What Happened to Work Friends?

The decline of work friendships is an overlooked trend that may be costly to firms as the year unfolds.

Of all the ideas leaders have proposed to increase employee productivity—from returning to the office to refocusing on core priorities to hinting at layoffs for underperformers—one usually doesn’t come up: encouraging friendships.

There’s a growing body of evidence showing that in post-pandemic hybrid-work environments, the quality of relationships among colleagues is deteriorating. One recent poll found that only two in ten workers in the US say they have a best friend at work. Globally, that number is only three in ten. The data on friendships dovetails with the reams of research following the pandemic showing that employees feel more isolated, anxious, and depressed. “There is less opportunity to build workplace friendships today,” says Bill Sebra, global operating executive for the Recruitment Process Outsourcing and Professional Search practices at Korn Ferry. 

Sebra says the absence of work friendships is an important but overlooked trend that could have important financial and talent repercussions for companies as the year unfolds. He says that with corporate revenue growth on the decline and strong economic headwinds expected for at least the first half of the year, the absence of those ties could make the financial environment even more tenuous. 

Many experts say the lack of close ties to colleagues played a role in last year’s so-called Great Resignation. “The hardest part about taking a new job is often the people and friendships that are left behind,” says Tamara Rodman, a senior client partner in the Culture, Change, and Communications practice at Korn Ferry. Rodman says the bonds coworkers form are the “connective tissue” that propels organizational growth. Without those ties, she says, it’s easier to walk away. The data backs up that view: People who reported not having a best friend at work left their jobs at a higher rate than their peers did during the pandemic. Rodman sees the lack of work friendships as the subtle start of a domino effect in which employees leave jobs that companies are unable to fill, because of the labor shortage. This leads to retention issues among the remaining employees and, eventually, to decreased productivity and financial performance.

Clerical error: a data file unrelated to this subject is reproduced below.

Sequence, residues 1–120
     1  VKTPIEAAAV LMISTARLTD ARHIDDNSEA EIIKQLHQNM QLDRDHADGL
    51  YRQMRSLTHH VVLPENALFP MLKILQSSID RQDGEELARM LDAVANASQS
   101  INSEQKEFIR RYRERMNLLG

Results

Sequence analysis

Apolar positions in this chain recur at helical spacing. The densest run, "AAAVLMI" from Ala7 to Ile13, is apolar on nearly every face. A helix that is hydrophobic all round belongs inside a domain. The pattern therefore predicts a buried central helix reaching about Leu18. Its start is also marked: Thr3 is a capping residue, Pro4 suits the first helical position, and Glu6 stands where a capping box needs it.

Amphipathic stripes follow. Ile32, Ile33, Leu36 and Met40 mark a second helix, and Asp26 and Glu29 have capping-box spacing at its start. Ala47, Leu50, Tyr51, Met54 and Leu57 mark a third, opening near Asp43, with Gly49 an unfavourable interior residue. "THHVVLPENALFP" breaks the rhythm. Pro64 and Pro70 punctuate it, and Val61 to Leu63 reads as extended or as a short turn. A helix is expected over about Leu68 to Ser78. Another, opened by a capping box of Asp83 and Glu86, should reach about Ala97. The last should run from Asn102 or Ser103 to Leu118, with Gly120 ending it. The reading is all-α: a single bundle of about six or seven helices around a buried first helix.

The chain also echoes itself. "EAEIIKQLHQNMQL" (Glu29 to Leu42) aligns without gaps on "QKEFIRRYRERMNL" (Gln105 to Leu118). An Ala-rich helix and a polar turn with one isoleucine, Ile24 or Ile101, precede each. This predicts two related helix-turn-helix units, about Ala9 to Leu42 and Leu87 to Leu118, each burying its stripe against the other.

For firms, though, the issue of trying to encourage friendship can be delicate. “The friendships have to happen authentically,” says David Vied, global sector leader for Korn Ferry’s Medical Devices and Diagnostics practice. “Companies can’t overengineer every aspect of their employees’ lives.”

That said, firms can create cultural conditions that foster such bonds, says Maria Amato, a Korn Ferry senior client partner who specializes in employee engagement. During the onboarding process, for instance, in addition to appointing a veteran employee to serve as an internal mentor, companies can pair up new hires from different areas of the firm to (as Amato says) “boost each other along the way.” Companies can also expose employees to different parts of the organization by rotating job responsibilities, communicate more in person, and be creative about planning informal time for team members and coworkers to spend together. Amato also advises leaders to conduct a “network analysis” to identify influencers in the organization and tap them to serve as connection points to bring people together. 

She cautions that there is a risk in forcing the friendship issue. “It could quickly become an ‘us versus them’ situation,” she says. “Psychology says the best way to promote bonding is to have a common enemy. You don’t want it to be management.”


For more information, contact the Cultural Transformation practice at Korn Ferry.